Generalization through Simulation: Integrating Simulated and Real Data into Deep Reinforcement Learning for Vision-Based Autonomous Flight

Katie Kang, Suneel Belkhale, Gregory Kahn, Pieter Abbeel, Sergey Levine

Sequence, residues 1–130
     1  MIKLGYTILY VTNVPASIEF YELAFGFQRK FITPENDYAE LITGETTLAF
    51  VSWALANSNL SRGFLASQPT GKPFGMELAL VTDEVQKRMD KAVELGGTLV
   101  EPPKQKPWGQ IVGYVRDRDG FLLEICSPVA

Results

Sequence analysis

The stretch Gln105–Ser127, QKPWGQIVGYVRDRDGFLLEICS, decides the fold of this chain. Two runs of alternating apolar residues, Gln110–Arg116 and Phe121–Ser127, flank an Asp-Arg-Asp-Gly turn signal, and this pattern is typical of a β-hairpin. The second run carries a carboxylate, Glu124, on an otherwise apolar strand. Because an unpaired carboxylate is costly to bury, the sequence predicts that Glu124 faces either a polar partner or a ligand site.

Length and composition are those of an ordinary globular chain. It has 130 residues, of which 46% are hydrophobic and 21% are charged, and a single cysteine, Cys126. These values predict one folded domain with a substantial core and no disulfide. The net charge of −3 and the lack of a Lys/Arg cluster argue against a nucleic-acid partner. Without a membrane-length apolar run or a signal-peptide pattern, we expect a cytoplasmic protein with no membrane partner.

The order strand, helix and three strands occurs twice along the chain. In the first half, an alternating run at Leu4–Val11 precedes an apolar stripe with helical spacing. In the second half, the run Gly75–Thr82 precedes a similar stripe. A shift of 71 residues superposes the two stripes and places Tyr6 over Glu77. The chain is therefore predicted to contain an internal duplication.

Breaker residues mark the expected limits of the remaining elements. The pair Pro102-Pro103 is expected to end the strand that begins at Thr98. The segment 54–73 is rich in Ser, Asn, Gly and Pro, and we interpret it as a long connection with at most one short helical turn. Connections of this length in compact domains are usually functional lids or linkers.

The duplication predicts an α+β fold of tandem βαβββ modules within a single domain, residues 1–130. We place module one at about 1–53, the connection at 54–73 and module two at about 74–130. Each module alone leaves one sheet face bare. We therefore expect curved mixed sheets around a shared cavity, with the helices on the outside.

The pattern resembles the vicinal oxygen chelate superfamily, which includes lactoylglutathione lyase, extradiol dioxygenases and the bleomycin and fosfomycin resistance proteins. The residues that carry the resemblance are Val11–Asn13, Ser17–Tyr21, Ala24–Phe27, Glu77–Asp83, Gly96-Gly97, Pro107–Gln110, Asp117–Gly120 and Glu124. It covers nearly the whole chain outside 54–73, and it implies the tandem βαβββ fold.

Deep reinforcement learning provides a promising approach for vision-based control of real-world robots. However, the generalization of such models depends critically on the quantity and variety of data available for training. This data can be difficult to obtain for some types of robotic systems, such as fragile, small-scale quadrotors. Simulated rendering and physics can provide for much larger datasets, but such data is inherently of lower quality: many of the phenomena that make the real-world autonomous flight problem challenging, such as complex physics and air currents, are modeled poorly or not at all, and the systematic differences between simulation and the real world are typically impossible to eliminate. In this work, we investigate how data from both simulation and the real world can be combined in a hybrid deep reinforcement learning algorithm. Our method uses real-world data to learn about the dynamics of the system, and simulated data to learn a generalizable perception system that can enable the robot to avoid collisions using only a monocular camera. We demonstrate our approach on a real-world nano aerial vehicle collision avoidance task, showing that with only an hour of real-world data, the quadrotor can avoid collisions in new environments with various lighting conditions and geometry. Code, instructions for building the aerial vehicles, and videos of the experiments can be found at github.com/gkahn13/GtS

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